KUWAIT: Ahli United Bank (UK) PLC celebrated its 50th year of doing business in the UK, marking this milestone anniversary with an event held at London’s Millennium Hotel in Grosvenor Square. Established in 1966, United Bank of Kuwait Limited, the forerunner of AUB (UK), merged in 2000 with Bahrain’s Ahli Commercial Bank to form Ahli United Bank Group, the now pan-Middle East financial services group of which AUB (UK) is a wholly owned subsidiary.
The event was attended by senior diplomats, honoured guests and members of Londonbased professional and business organizations, as well as the Board of Directors and former and current management and staff members. Speaking at the dinner, AUB’s Chairman Hamad Al-Humaidhi said: “We are proud to celebrate half a century of presence and service to our valued clients in the UK, thus holding the record and distinction of being the oldest bank from the Gulf and MENA region to continuously operate in the UK market.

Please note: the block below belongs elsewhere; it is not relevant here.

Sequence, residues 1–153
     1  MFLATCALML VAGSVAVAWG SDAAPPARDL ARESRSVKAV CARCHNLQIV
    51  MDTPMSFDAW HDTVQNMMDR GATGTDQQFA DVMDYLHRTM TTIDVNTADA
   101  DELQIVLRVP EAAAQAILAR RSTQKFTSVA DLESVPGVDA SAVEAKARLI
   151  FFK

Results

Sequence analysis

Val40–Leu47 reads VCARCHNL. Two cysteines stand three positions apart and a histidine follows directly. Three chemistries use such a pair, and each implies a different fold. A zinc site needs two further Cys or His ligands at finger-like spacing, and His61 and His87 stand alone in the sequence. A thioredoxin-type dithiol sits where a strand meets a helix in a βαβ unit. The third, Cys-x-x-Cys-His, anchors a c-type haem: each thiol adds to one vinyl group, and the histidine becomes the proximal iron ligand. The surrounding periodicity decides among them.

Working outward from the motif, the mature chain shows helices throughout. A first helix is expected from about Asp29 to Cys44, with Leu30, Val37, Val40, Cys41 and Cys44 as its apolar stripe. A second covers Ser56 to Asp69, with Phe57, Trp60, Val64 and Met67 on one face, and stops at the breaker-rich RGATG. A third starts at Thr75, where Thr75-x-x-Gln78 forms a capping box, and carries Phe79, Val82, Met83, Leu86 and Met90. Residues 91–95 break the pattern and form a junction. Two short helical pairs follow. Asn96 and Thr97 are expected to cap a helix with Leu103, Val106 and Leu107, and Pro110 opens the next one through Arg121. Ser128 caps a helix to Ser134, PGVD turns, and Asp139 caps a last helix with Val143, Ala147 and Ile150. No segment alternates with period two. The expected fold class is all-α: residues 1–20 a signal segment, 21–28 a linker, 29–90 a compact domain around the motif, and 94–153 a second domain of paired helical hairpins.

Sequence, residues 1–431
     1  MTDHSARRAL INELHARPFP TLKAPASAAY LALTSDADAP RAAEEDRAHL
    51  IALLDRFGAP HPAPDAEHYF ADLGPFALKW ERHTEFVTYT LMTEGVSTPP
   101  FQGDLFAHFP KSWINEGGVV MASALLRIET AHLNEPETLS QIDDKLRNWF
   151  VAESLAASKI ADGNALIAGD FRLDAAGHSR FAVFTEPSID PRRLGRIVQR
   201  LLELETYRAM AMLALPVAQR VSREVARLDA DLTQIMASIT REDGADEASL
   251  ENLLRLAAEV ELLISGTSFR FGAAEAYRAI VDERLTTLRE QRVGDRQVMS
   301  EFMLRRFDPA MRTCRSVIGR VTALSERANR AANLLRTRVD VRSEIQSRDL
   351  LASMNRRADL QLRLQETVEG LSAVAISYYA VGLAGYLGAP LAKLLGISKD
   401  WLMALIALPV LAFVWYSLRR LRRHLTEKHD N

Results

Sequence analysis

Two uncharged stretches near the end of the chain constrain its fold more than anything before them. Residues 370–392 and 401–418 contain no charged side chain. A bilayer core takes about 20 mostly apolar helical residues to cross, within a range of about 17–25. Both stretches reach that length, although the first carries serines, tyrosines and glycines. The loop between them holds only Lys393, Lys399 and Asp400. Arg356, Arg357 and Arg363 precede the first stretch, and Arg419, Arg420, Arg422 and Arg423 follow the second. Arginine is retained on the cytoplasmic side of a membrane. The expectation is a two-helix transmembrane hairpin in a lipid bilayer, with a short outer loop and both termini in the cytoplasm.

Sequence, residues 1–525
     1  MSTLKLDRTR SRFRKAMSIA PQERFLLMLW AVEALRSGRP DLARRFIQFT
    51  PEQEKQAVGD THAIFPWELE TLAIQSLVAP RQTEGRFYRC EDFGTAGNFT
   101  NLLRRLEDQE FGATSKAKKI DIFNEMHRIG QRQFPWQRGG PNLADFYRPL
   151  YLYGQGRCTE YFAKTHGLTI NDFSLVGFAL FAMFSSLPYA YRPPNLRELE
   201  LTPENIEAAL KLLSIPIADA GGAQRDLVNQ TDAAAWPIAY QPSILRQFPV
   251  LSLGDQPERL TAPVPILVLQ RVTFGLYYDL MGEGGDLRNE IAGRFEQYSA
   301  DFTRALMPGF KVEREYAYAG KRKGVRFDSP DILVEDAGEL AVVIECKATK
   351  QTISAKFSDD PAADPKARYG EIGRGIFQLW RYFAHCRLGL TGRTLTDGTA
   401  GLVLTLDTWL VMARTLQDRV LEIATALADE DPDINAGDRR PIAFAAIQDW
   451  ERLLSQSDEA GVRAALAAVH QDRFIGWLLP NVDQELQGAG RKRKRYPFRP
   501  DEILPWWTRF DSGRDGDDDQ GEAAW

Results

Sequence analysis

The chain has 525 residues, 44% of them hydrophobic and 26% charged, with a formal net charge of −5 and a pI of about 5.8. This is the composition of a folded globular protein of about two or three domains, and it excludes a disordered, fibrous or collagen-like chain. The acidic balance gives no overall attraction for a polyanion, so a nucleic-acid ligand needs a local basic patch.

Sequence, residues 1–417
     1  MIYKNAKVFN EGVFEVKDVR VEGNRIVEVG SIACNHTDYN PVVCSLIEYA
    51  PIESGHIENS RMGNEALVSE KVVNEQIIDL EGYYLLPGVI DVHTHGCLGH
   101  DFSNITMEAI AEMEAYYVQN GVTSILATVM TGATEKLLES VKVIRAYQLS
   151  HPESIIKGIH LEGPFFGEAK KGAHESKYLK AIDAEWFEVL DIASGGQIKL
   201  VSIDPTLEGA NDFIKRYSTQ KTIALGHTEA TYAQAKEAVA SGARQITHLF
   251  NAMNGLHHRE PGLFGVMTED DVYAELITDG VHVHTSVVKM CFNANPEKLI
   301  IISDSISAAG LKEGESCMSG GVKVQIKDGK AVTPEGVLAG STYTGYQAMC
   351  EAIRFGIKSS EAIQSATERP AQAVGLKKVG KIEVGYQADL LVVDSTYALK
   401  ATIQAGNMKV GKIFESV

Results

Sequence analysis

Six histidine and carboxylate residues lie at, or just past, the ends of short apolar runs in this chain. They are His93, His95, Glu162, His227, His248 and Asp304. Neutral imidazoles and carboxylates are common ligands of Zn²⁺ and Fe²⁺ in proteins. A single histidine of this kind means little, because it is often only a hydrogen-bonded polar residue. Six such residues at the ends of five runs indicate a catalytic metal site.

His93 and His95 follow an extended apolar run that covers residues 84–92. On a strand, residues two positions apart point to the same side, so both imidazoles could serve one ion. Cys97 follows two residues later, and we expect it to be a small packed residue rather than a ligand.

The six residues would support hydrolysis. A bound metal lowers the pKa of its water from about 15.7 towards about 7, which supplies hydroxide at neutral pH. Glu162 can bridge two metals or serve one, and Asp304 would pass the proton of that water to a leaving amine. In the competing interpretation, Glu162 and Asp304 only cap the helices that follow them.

It is a testament to the pioneering spirit of the Bank’s founders that, barely a few decades after British institutions established their -and the region’s- first local banks, investors from the region came full circle to establish the Gulf’s very first bank in the heart of London.
It is the same spirit which continued to inspire and drive AUB’s journey of remarkable success and expansion over the years”. “AUB (UK) was founded to connect clients and businesses from the Gulf to global markets and opportunities, undertaking to offer the very best of British banking practice combined with a unique understanding of the special needs of offshore customers from the Gulf and the MENA region at large.
Fifty years on, much has changed in terms of our product and service offering, but our guiding principles remain the same, to serve with the highest integrity, always making customer service the priority and focusing on the sustainability of our businesses for many years to come”, added Al-Humaidhi. AUB (UK) is part of Ahli United Bank, a panregional banking group with operations spanning seven key Middle Eastern countries (Bahrain, Kuwait, UAE, Oman, Iraq, Egypt, and Libya) as well as the United Kingdom